Clubs begin next week!
Written by Christy Richardson on September 28, 2012
Clubs begin next week (with the exception of Tuesday clubs – those won’t start this week because of parents’ night). It’s so much fun to see our after-school offerings expanding so much, with so many valuable programs. Here’s the information on each.
Mondays in the Music Building, 3:15 – 4:00 p.m.
Michelle Despard, firstname.lastname@example.org
Do you love to sing? Do you wish there were more vocal opportunities in addition to the Winter Concert and Graduation? If you answered yes to these questions, then the Pine Cobble Choir is for you! The Pine Cobble Choir provides the opportunity for students in 3rd through 9th grade to sing throughout the year, participating in venues such as assemblies, community events, graduation, and, of course, the Winter Concert. The choir is not only about performing, it is also a weekly time where students who love singing can join together and have lots of fun. Students of all vocal abilities are welcome. In order for the choir to exist, there needs to be a minimum of 10 students. In addition, please remember that appropriate classroom behavior is expected at all times and that choir is a group activity that requires commitment. Choir will meet on Mondays from 3:15 – 4:00 p.m., with rehearsals beginning on Monday, October 1. I am looking forward to both returning and new members!
Mondays in the Library, 4 – 5 p.m*
Corey Baldwin and Ali Benjamin, email@example.com firstname.lastname@example.org
* note: if there is not a lot of overlap with choir, we will move it to 3:15 – 4:15
Who: Writing Club is open to students in fifth through ninth grades. You don’t have to consider yourself a writer – you just need to be positive, constructive, courteous of your fellow students, and open to trying something new.
When: Monday afternoons, from 4 – 5 p.m.
What: Writing Club will be a chance to dive into great stories – reading them, listening to them, watching them, and, yes, writing them. We’ll enjoy fun works of literature, watch films, and listen to podcasts. We’ll examine some innovative ways that writers have utilized to bring scientific ideas to life, and we’ll consider how an entire story can be told through an art exhibit, a poem, a dance, even a single photograph.
Because storytelling isn’t easy, we’ll also explore what professional storytellers – playwrights, novelists, filmmakers, and others – have to say about writing. We’ll begin to understand why Joseph Heller said, “every writer I know has trouble writing,” and why Anne Lamott observed, “almost all good writing begins with terrible first efforts.”
Want some guest speakers, field trips, and other special events? Yes, we can probably organize that, too.
While the club may have things that will help you in your schoolwork, Writing Club is not school. It’s a chance to hone a lifelong skill, with no grades, pressure, or expectations. (Except courtesy, of course. And openness. And shoes. We do expect those things).
How: Our format, most weeks, will be:
- 4:00 – 4:10: Other people’s stories
- 4:10 – 4:45: Your stories
- 4:50 – 5:00: Sharing (or not)
The final ten minutes will be open to sharing writing – yours, or even something you’ve read that you really, really loved. While we promise to be a friendly audience, sharing is not mandatory.
Of course, sometimes we might take longer with one part than another. Another week, we may want to devote the whole hour to a guest speaker. Or perhaps we’ll spend an entire session just writing. As Ernest Hemingway said, “that is what we are supposed to do when we are at our best – make it all up.” So that’s what we’ll do from time to time, make it up.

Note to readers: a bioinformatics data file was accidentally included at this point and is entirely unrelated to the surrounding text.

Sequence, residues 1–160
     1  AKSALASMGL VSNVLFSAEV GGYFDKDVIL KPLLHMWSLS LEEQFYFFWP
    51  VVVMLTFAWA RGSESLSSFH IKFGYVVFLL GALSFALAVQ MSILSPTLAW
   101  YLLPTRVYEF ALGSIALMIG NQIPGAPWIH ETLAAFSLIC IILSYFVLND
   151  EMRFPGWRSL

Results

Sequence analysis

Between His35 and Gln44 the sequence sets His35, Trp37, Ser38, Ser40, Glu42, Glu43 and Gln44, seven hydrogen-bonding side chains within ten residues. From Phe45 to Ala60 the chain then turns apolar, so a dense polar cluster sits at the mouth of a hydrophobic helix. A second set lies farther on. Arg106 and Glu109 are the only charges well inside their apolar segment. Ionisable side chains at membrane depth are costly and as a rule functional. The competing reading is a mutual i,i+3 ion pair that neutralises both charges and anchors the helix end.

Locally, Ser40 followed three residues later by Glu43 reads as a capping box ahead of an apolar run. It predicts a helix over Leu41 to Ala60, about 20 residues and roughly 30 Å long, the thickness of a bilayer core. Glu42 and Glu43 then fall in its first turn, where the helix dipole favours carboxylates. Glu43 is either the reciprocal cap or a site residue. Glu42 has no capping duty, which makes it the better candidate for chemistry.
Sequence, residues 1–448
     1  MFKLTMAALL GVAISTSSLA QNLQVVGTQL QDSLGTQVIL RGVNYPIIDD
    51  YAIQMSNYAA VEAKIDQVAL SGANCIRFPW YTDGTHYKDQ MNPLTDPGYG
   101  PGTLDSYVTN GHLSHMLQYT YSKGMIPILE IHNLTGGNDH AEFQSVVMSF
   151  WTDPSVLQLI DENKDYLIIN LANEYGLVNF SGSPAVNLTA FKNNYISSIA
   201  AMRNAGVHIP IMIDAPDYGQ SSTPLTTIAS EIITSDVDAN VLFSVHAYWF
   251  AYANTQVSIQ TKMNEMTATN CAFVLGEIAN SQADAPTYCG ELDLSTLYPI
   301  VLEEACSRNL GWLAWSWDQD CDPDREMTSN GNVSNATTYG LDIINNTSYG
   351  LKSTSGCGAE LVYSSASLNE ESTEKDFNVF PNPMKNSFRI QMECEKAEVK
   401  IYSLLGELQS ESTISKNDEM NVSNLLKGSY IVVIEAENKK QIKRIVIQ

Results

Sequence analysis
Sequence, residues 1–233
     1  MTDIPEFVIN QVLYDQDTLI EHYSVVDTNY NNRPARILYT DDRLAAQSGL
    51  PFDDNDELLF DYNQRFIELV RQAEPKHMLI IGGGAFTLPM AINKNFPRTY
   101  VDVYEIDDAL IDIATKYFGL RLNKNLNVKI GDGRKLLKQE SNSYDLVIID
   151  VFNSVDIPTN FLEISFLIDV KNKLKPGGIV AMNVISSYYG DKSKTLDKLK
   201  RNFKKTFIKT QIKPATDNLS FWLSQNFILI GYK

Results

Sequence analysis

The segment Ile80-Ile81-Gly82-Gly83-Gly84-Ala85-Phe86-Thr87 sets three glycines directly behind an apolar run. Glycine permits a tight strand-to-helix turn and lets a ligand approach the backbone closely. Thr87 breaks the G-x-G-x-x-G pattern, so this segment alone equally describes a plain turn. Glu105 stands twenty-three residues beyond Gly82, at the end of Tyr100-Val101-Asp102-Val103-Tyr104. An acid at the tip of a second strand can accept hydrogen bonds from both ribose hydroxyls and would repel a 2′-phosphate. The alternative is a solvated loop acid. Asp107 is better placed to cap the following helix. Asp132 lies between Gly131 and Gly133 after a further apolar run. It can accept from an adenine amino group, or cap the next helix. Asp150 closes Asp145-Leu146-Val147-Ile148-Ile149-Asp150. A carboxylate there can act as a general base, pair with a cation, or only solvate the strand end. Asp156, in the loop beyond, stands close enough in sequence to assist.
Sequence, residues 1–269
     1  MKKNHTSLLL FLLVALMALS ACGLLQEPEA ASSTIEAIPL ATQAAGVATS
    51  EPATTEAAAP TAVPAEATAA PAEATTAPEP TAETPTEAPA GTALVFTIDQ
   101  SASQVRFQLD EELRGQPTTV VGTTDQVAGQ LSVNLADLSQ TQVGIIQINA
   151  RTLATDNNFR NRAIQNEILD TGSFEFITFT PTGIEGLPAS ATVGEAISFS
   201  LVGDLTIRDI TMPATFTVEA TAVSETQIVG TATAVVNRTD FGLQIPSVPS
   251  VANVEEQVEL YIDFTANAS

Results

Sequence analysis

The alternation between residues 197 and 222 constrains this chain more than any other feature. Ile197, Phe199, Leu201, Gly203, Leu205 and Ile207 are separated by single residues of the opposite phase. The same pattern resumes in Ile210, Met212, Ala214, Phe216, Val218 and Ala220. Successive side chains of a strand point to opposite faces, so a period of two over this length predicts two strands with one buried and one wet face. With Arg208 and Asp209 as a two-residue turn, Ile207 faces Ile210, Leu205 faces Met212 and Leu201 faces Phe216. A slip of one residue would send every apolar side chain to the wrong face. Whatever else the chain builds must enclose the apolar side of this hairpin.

Tuesdays in the Multi-Purpose Room, 7:30 – 8:00 a.m.
Maude Rich and Cindy Collyer, email@example.com
Let’s start dancing! On Tuesday mornings from 7:30 to 8:00 a.m., we will tap. I look forward to reconnecting with any returning tappers as well as meeting new people, tap shoes in hand, who would like to join in the fun!
Dancers should wear clothing they can move in, and it is always a good idea to bring a water bottle. The objective of the program is to involve people who want to dance AND give those who have experience another venue and point of view to explore. The requirements for any of the dance programs are a true desire to participate and a willingness to respect the space and the people involved while supporting each other. The “team” aspect is for Friday dancers and those tappers who wish to join, and more information will be available on the first day. Those who wish to go to a competition (which is always optional and NOT the only, or even the main, reason to dance) may need to pay a participation fee based on the venue. Happy dancing!
Please e-mail me at firstname.lastname@example.org, even if we have spoken in person or your child is returning, so I can confirm which days may be filling up and whom I can expect to see. Also, please include all e-mail addresses to which you would like updates and information sent.
Future Problem Solvers (FPS)
Tuesdays in the Library, 3:15 – 4:15 p.m.
Sarah Dewey, email@example.com
This year we are continuing the extracurricular activity Future Problem Solvers. Students in grades 4 through 9 compete as a team or as individuals to address a problematic scenario set in the future, using a 6-step process to identify challenges and then generate plausible solutions. Students will have the opportunity to research and learn about a variety of topics, from human rights to coral reefs to trade barriers, as they prepare for competitions against other FPS teams in the state, and perhaps eventually on an international level. By participating in FPS, students will have the opportunity to enhance their creative thinking, develop oral and written persuasion skills, work with other members of their teams, and problem solve, just to name a few of the benefits. We will meet Tuesdays after school until 4:15.